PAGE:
No two denturists are the same. If you have been wearing dentures for a while, you know that no two sets of dentures are the same. Finding a quality, experienced denturist can seriously impact the comfort of your dentures. You do not have to deal with loose plates, gums that are rubbed raw, distorted speech, and the inability to eat your favorite foods. If you have any of these problems, there are a few things that you can try before replacing your dentures. Use what I have learned over my 15 years of wearing dentures to find a perfect fit and optimum comfort in your dentures.
If you fail to brush and floss your teeth regularly, your teeth can start to decay. This is particularly true if you eat a lot of sugary foods, or drink sugary beverages regularly. Your mouth is home to millions of bacteria. Under normal circumstances, this bacteria is rather harmless and easily kept in check with good oral hygiene, which includes regular check-ups with a dentist office, like Top Dental. However, if bacteria is allowed to grow unchecked and you develop deep cavities, your may require a root canal. If your dentist has informed you that a root canal is recommended for your situation, here's what you need to know.
Why Root Canals Are Needed
Your dentist can treat typical cavities by cleaning and filling them. However, advanced cavities that have gone past the root's surface and infected the pulp require root canal treatment. Your teeth are composed of a hard outer coating, called enamel, along with dentin -- a softer material that supports the enamel. Additionally, there is hard material that coats the surface of the root of each tooth and then at the center of each tooth is soft material called pulp. Once an infection has reached the pulp, the pulp dies and the bacteria can then spread rapidly through the canals of the roots causing major problems and leaving your other teeth at risk. To stop the infection and protect your unaffected teeth, a root canal is necessary.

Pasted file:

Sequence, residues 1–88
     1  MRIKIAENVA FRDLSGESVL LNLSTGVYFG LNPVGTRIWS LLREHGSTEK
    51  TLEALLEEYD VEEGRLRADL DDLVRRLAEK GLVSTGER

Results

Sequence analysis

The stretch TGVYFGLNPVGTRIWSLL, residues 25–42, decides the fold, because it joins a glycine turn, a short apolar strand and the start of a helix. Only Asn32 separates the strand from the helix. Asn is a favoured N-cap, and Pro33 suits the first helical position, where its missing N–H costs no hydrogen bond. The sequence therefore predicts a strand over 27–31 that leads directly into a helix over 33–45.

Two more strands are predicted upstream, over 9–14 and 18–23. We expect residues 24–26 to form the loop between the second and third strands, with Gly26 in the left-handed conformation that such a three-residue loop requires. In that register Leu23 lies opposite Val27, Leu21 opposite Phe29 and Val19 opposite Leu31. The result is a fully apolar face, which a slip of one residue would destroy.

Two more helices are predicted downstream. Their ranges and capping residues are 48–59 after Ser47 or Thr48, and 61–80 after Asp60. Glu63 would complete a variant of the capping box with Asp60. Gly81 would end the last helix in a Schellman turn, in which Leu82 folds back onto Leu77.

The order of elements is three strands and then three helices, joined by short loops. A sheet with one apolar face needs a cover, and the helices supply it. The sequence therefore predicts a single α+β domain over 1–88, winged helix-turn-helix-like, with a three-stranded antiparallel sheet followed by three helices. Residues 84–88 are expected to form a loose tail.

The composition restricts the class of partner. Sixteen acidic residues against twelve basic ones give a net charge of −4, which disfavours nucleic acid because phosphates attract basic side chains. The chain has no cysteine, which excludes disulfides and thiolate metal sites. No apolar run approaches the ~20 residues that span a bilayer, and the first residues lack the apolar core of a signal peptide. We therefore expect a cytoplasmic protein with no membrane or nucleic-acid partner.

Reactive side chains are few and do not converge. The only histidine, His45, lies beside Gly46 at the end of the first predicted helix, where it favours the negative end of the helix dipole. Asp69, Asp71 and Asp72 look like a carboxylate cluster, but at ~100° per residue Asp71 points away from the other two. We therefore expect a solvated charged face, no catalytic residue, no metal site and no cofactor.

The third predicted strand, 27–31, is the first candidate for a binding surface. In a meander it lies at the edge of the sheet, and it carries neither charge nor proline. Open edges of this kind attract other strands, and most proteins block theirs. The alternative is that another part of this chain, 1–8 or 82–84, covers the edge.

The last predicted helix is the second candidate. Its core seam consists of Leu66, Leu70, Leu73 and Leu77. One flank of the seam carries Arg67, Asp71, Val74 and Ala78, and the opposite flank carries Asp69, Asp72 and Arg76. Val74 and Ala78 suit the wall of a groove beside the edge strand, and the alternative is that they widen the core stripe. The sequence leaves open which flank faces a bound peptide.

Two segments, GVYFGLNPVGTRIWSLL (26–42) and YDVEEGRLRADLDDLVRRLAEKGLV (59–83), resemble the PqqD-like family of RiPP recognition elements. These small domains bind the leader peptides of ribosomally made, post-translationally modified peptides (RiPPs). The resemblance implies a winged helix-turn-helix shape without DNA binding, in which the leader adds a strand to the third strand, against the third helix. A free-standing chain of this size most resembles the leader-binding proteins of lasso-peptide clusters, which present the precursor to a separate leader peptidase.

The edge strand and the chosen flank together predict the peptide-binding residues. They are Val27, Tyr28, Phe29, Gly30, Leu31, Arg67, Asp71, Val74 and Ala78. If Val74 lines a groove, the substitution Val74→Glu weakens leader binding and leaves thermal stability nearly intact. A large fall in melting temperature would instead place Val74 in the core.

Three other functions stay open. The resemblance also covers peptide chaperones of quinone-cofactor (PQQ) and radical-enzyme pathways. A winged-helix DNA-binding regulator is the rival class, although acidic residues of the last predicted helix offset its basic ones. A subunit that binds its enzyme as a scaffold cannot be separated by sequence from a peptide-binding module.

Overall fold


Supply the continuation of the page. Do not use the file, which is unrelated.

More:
How It's Performed
Your dental specialist will drill into the hallow part of your tooth in order to remove the infected tissue. You'll have local anesthesia to keep you comfortable so that you don't feel any pain from the drilling. After removing the tissue and the nerve, your dentist will clean out the tooth and then fill it with a special material in order to seal the root. Typically, you'll receive a temporary crown to protect the tooth until your permanent crown is available. Crowns aren't usually made on site, so your dentist will send the mold of your tooth to an outside lab to make your permanent crown. It will take a few weeks for your permanent crown to be ready.
After the Procedure
Expect to experience some tenderness for a few days. Over-the-counter pain medication is usually enough to keep you comfortable as your tooth heals. You shouldn't experience any severe pain. If you do, contact your dentist right away. Your dentist may recommend that you stick with soft, bland foods for the first few days. After that, most patients are able to resume their normal diet. Once you have your new crown, you're all set.